|WHO said that TB was one of the top causes of death in Viet Nam, and only 27 per cent of the money needed for effective TB control was funded. — Photo benhlao.net
HCM CITY (VNS) — Most diagnoses of tuberculosis in Viet Nam are based only on sputum tests, which can lead to delayed treatment if the results are negative, according to findings from the Friends for International Tuberculosis Relief, a German NGO.
The NGO is working with the HCM City Public Health Association on a TB care and control project in HCM City's Go Vap District.
Vo Nguyen Quang Luan, the founder of the NGO, said patients were asked to take x-rays and undergo 10 days of antibiotic treatment if sputum tests were negative.
Luan spoke at a meeting on TB diagnosis that ended yesterday in HCM City.
Patients were told to return to hospital for more tests if the results were ambiguous or the treatment was ineffective, he added.
"Advanced diagnostics would greatly benefit patients and the community, and are needed as urgently as ever," said Luan.
Dang Minh Sang of Pham Ngoc Thach Hospital said the detection of TB in Viet Nam was based on sputum tests only.
The modern molecular test GeneXpert, which can detect the presence of TB bacteria as well as resistance to the drug Rifampicin, is used in only a few health facilities in Ha Noi, HCM City and several other provinces.
Sang said it was vital to introduce new diagnostic tools to help Viet Nam reach the targets in the national TB prevention strategy by 2020.
Dr Nguyen Thi Ngoc Lan of Pham Ngoc Thach Hospital said that TB prevention and treatment programmes were mostly in big cities and towns in Viet Nam.
However, a high number of TB patients lived in rural areas, and a trip to clinics was often a financial burden they could not bear, she said.
One way to make the TB prevention programme more effective was to bring the diagnostic tool as close as possible to the patients, she added.
She suggested that a "novel molecular assay" that is more sensitive than smear microscopy should be used in health clinics in wards and communes in order to detect and treat TB patients early.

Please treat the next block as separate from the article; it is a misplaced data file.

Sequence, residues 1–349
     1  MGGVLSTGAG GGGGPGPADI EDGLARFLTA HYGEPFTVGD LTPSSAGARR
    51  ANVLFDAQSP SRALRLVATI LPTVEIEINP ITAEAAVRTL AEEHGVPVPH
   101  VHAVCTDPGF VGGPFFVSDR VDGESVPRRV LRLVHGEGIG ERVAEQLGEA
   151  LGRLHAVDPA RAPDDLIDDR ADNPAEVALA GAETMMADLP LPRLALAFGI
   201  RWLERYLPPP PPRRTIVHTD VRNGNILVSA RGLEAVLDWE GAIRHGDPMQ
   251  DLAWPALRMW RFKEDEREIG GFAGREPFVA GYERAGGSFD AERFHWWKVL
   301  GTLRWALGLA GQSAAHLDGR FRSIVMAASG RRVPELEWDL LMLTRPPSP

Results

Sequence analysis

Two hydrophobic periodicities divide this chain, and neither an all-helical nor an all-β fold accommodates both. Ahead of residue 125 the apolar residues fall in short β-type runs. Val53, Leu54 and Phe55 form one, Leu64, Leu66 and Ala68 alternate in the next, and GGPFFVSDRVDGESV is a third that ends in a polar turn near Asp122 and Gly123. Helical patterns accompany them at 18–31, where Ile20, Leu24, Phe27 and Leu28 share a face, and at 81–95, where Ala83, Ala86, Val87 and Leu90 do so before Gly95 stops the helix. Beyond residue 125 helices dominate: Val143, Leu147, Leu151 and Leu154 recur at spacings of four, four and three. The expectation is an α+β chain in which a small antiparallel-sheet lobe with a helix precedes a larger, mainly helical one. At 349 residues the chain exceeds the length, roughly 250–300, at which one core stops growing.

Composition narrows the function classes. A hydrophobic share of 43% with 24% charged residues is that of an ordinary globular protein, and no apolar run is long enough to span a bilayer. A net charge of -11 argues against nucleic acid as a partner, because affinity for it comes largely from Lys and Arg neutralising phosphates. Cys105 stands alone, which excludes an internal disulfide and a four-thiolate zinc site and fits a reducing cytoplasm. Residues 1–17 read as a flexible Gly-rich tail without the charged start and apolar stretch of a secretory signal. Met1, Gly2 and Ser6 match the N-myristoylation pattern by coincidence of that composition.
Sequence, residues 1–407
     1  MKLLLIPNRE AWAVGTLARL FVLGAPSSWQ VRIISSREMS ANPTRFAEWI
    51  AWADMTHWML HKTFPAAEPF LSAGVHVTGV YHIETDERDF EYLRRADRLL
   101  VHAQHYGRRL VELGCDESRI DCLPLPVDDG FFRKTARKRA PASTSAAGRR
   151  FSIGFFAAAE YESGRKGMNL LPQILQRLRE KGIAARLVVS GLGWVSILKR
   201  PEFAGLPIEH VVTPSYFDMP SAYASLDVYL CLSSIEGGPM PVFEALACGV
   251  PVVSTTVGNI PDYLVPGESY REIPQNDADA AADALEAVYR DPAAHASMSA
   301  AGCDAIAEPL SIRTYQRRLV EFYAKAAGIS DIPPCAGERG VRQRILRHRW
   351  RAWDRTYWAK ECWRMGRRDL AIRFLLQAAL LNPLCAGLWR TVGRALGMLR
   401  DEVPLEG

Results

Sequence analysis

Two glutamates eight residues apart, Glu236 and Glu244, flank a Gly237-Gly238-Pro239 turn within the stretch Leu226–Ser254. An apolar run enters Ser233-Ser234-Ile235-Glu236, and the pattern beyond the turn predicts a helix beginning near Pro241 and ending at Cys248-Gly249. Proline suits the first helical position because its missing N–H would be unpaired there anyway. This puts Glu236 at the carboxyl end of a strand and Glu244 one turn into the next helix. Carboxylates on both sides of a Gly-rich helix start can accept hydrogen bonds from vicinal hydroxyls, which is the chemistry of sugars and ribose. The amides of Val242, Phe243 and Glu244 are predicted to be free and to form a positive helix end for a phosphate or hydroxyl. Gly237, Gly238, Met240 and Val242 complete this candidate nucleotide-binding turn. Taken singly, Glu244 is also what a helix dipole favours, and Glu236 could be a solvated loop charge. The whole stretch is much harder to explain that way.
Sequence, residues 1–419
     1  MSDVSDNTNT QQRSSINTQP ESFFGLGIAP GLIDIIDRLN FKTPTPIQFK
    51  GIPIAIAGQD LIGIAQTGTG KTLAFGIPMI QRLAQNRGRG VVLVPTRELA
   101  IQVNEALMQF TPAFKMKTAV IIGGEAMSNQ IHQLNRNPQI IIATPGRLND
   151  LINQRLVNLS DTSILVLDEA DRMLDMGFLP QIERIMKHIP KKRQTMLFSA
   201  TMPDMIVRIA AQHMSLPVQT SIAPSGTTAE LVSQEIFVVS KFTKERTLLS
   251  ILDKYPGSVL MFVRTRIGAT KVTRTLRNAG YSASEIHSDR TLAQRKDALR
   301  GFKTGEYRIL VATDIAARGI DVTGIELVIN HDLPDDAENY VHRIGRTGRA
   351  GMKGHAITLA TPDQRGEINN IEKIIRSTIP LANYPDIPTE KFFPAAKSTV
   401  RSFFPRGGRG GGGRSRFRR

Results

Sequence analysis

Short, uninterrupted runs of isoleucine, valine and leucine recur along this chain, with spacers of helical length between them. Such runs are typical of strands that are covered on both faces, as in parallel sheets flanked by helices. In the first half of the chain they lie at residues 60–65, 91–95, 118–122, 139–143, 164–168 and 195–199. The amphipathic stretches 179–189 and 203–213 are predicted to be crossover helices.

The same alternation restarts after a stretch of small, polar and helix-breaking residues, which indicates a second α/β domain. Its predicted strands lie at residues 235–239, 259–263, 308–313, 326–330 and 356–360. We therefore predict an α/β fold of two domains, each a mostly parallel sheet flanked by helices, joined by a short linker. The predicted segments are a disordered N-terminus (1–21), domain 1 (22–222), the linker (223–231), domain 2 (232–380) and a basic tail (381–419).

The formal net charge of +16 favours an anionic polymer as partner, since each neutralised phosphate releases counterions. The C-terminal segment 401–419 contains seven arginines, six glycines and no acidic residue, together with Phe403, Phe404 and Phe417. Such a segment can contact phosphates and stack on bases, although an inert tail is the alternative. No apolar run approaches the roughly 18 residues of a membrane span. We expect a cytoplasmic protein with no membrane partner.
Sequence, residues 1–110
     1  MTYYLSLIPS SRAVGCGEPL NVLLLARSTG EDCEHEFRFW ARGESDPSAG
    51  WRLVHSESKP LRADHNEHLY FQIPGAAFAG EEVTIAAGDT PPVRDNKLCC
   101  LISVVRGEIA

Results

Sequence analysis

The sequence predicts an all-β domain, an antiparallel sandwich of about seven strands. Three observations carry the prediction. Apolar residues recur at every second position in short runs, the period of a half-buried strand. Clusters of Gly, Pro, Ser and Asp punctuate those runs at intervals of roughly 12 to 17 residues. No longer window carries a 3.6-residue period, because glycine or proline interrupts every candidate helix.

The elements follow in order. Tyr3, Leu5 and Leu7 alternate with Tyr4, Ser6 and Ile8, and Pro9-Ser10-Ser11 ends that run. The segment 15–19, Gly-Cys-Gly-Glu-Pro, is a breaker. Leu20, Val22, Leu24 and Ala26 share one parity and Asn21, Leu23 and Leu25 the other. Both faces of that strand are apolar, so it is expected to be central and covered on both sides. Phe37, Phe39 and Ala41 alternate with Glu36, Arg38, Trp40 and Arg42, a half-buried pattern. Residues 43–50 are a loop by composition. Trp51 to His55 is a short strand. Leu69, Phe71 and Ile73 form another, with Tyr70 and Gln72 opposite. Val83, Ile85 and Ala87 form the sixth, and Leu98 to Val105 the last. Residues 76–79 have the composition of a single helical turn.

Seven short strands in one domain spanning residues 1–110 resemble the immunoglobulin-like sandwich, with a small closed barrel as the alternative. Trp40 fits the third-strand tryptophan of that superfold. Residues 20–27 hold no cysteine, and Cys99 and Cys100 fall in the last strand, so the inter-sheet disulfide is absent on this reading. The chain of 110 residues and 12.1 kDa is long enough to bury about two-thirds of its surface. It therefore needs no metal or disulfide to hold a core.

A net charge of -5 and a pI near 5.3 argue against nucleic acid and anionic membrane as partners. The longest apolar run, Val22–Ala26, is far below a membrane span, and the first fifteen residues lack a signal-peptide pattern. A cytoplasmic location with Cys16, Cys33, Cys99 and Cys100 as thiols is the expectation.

According to WHO data from 2013, 209 people out of 100,000 in the country have the disease, which includes HIV+TB co-infected patients.
WHO said that TB was one of the top causes of death in Viet Nam, and only 27 per cent of the money needed for effective TB control was funded.
Martina Casenghi, tuberculosis diagnostics advisor for Doctors without Borders' Access to Essential Medicines Campaign, said such tools could reduce diagnostic delays and improve access to drug susceptibility testing.
Timely and accurate diagnoses ensures that patients can begin effective therapy, she said.
According to a 2014 global TB report, nine million new cases occurred last year, an increase of 8.6 million in 2012. Of the cases, 1.5 million people died, she said
Globally, 3.5 per cent of new and 20.5 per cent of previously treated TB cases had multidrug-resistant TB, according to the report.
Serious multidrug-resistant TB epidemics occurred in Eastern Europe and Central Asia last year, with 35 per cent of them new cases and 75 per cent previously treated.
Treatment success rates for multidrug-resistant TB remain low, and the success rate stands at only 48 per cent worldwide. — VNS